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Origin and Habitat: Cochabamba, Potosi, Bolivia.
Altitude: 2000-3000 metres above sea level.
Habitat: It grows in rocky slopes and sandstone crevices.
- Rebutia caineana Cárdenas
Rebutia caineana Cárdenas
Cact. Succ. J. (Los Angeles) 38: 143, figs. 1966
- Rebutia caineana Cárdenas
- Rebutia breviflora (Backeb.) D.R.Hunt
- Rebutia brachyantha Cárdenas non Buining & Donald
- Sulcorebutia breviflora Backeb.
- Weingartia breviflora F.H.Brandt
- Rebutia haseltonii Cárdenas
Description: Rebutia caineana is a most attractive low growing cactus. It distinguish for the very numerous yellow flowers. Rebutia caineana is more usually known as Sulcorebutia breviflora, but this name is preceded by Sulcorebutia caineana that is now considered the prior scientific name.
Habit: It was originally described as solitary, but clusters heavily in cultivation producing a nice patch over time.
Roots: Long carrot-like.
Stem: Globular, flattened, or somewhat elongated-cylindrical in cultivation, 1,5-2(-6) cm high, 5-6(-10) cm in diameter, varying in lengths, dark, brownish-green to dark green partially obscured by the spines.
Ribs: Forming clearly divided into tubercles.
Areoles: Elongate, greyish.
Radial spines: 10-16, off-white, greyish, to light brown, pectinately arranged, lying against the surface and interlacing, stiff, needle-like, 2-16 mm long.
Central spines: Up to 4 or absent, 3-10 mm long.
Flowers: Several from the base, small clear-yellow, golden-yellow or orange, 2-4 cm long, up to 3 cm in diameter; pericarpels with tufts of white hair.
Fruits: Greenish to reddish 4 to 5 mm in diameter.
Subspecies, varieties, forms and cultivars of plants belonging to the Rebutia caineana group
Bibliography: Major references and further lectures
1) James Cullen, Sabina G. Knees, H. Suzanne Cubey “The European Garden Flora Flowering Plants: A Manual for the Identification of Plants Cultivated in Europe, Both Out-of-Doors and Under Glass” Cambridge University Press, 11/Aug./2011
2) David Hunt, Nigel Taylor “The New Cactus Lexicon” DH Books, 2006 ISBN 0953813444, 9780953813445
3) Edward F. Anderson “The Cactus Family” Timber Press, 2001
4) John Pilbeam “Sulcorebutia and Weingartia: A Collector's Guide” Timber Press, 1985
5) Cyril Marsden, Herbert Spencer Jackson “Rebutia, Including Aylostera and Sulcorebutia” Macmillan, 1968
6) Terry Hewitt “Cacti” Lorenz Books, 01/Apr/1998John Pilbeam “Rebutia” Cirio Pub. Services, 01/May/1997
7) Edgar Lamb, Brian Lamb “The Illustrated Reference on Cacti & Other Succulents, Volume 5” Blandford Press, 1978
8) Clive Innes, Charles Glass “Cacti” Portland House, 01/May/1991
Cultivation and Propagation: Sulcorebutias are summer grower species easy to cultivate, more cold tolerant than most. These mountainous plants have thick taproots and are susceptible to overwatering. They requires also an appropriate air circulation and are sometime grafted to avoid root problems.
Growth rate: It is a relatively rapidly growing and easily flowering species that will make clumps given the best conditions.
Soils: It likes very coarse mineral cactus mix soil, but can become too elongated if compost is too rich.
Repotting: Use pot with good drainage.
Watering: Water regularly from Spring to Autumn, but do not overwater(Rot prone), it must be strictly kept dry throughout the winter quiescent period since it is very sensitive to any moisture excesses keep dry in winter.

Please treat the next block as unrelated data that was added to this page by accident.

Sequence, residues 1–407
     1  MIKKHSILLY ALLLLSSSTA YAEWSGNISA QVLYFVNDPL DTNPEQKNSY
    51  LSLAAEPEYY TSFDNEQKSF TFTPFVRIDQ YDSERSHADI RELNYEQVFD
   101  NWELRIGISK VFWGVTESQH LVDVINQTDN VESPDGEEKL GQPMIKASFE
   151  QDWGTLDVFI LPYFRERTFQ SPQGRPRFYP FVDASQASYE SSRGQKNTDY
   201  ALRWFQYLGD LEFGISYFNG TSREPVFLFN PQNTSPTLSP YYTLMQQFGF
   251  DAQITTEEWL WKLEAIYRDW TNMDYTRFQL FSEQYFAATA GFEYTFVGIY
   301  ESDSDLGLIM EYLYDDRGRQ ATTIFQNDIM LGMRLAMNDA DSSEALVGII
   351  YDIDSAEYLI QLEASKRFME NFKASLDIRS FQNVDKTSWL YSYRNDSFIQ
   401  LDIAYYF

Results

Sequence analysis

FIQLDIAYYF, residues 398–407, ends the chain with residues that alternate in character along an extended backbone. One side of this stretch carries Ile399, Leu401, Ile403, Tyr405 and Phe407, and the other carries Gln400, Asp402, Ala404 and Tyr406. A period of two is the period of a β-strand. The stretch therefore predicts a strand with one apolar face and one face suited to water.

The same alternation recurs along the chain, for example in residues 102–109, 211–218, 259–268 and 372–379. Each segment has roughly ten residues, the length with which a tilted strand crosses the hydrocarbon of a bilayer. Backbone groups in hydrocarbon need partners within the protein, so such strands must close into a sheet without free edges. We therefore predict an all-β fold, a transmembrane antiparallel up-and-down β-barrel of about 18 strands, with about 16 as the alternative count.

Fertilization: Feed with a high potassium fertilizer in summer.
Hardiness: They need to be kept in a cool place during winter rest and are somewhat resistant to frost if kept on the dry side prior to, and during, cold weather (due to the altitude they are hardy to -7 C ° C, or less for short periods). The cold is important for the flowers, as well as for their health. Without this cool winter period, they normally won't get any buds.
Exposition: Requires full sun or light shade and careful watering to keep plant compact with strong coloured spines. Tends to bronze in strong light, which encourages flowering and heavy spine production. Light shadow my be useful in the hottest summer days.
Uses: It is an excellent plant for container growing. It always looks good and stays small. It look fine in a cold greenhouse and frame or outdoor in a rockery.
Pests & diseases: It may be attractive to a variety of insects, but plants in good condition should be nearly pest-free, particularly if they are grown in a mineral potting-mix, with good exposure and ventilation. Nonetheless, there are several pests to watch for:
- Red spiders: Red spiders may be effectively rubbed up by watering the infested plants from above.
- Mealy bugs: Mealy bugs occasionally develop aerial into the new growth among the wool with disfiguring results, but the worst types develop underground on the roots and are invisible except by their effects.
- Sciara Flies: Sciara flies are one of the major problems for seedlings. It is a good practice to mulch your seedlings with a layer of grit, which will strongly discourage the flies.
- Scales: Scales are rarely a problem.
It is wise to treat your whole collection with a systemic insecticide twice a year in spring and autumn.
- Rot: Rot is only a minor problem with cacti if the plants are watered and “aired” correctly. If they are not, fungicides won't help all that much. To prevent rottenness it is also advisable to surround its root neck by very rough sand or grit, this help a fast water drainage.
Propagation: Seed, cutting, grafting. Seeds germinate in 7-14 days at 21-27° C in spring, remove gradually the glass cover as soon the plants will be well rooted (ca 1-2 weeks) and keep ventilated, no full sun for young plants!
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